origin of "Apocryphal"

    What is the origin of "Apocryphal"?

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    The term apocrypha is used with various meanings, including "hidden", "esoteric", "spurious", "of questionable authenticity", ancient Chinese "revealed texts and objects" and "Christian texts that are not canonical".
    The word is originally Greek (?π?κρυφα) and means "those hidden away". Specifically, ?π?κρυφα is the neuter plural of ?π?κρυφος, an adjective related to the verb ?ποκρ?πτω [infinitive: ?ποκρ?πτειν] (apocriptein), "to hide something away."
    The general term is usually applied to the books in the Roman Catholic Bible or the Christian old testament, and the Eastern Orthodox Bible, but not the Protestant Bible on their claim that it is not God's word[citation needed].
    So, for Protestant denominations, it is misleading in this sense to refer to the Gospel according to the Hebrews or even the Gnostic writings as apocryphal, because they would not be classified in the same category: by Protestants they would be classified as a heretical subset of antilegomenae, to distinguish them from now-canonical ancient antilegomenae such as 2 Peter, 3 John and the Revelation of John, and non-canonical but non-heretical books which were quoted by the Early Fathers such as the pseudepigraphic Epistle of Barnabas, the Didache, or The Shepherd of Hermas. In Protestantism the gnostic writings are generally not accorded any status, not even a negative one: they are ignored, as they are incompatible with the accepted canon prima facie. Non-canonical books are texts of uncertain authenticity, or writings where the work is seriously questioned. Given that different denominations have different beliefs about what constitutes canonical scripture, there are several versions of the apocrypha.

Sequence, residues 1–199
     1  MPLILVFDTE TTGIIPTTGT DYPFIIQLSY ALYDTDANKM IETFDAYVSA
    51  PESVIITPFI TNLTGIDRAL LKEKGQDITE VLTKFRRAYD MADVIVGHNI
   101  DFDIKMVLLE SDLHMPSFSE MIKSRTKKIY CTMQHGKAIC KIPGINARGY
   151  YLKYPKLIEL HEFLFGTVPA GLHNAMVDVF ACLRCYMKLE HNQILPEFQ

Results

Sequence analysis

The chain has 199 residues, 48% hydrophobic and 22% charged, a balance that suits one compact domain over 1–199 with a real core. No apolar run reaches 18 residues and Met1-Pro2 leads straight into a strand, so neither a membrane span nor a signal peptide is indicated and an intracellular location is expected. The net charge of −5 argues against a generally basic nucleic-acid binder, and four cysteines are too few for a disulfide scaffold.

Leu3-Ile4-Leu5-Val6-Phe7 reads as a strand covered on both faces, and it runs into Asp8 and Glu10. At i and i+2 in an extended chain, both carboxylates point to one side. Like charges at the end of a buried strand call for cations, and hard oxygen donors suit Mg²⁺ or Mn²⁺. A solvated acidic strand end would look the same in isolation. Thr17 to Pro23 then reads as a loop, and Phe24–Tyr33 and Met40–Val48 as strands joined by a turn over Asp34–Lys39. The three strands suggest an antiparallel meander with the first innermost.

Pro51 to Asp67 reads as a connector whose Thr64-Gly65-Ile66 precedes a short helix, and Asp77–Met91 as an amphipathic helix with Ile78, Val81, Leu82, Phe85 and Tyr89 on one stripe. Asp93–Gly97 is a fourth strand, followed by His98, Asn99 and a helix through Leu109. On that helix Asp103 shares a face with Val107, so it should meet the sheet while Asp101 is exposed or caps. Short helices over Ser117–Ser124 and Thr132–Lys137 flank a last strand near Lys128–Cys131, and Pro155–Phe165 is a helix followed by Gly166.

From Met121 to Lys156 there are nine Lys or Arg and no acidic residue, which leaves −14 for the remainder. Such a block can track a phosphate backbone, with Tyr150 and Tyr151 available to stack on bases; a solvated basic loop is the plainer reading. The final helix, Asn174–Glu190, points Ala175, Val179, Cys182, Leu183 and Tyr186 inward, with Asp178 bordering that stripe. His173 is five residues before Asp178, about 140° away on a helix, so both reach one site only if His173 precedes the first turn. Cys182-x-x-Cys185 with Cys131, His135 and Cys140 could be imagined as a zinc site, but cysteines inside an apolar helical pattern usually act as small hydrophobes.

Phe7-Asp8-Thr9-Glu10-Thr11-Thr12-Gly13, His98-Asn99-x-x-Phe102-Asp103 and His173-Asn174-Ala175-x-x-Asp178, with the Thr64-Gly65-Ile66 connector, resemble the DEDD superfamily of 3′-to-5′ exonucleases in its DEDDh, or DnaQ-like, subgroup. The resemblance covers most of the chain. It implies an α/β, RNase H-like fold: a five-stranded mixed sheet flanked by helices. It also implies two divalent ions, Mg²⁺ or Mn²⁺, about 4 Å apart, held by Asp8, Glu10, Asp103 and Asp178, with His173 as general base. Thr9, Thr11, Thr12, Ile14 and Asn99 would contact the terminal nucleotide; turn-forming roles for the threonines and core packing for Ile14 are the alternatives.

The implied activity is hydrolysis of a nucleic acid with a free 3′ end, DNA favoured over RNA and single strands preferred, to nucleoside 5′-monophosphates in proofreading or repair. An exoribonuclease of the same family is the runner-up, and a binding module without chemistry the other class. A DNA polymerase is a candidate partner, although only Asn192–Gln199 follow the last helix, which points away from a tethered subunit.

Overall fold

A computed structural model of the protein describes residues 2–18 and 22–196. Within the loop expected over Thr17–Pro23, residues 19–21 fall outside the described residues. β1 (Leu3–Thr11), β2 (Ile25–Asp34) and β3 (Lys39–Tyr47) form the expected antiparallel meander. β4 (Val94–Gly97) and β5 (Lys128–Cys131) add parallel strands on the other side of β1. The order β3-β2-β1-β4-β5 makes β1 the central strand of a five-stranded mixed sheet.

During 16th-century controversies about the biblical canon, the word acquired a negative connotation, and has become a synonym for "spurious" or "false". This usage usually involves fictitious or legendary accounts that are plausible enough to be commonly considered true. For example, Laozi's alleged authorship of the Tao Te Ching and the Parson Weems account of George Washington and the cherry tree are considered apocryphal.

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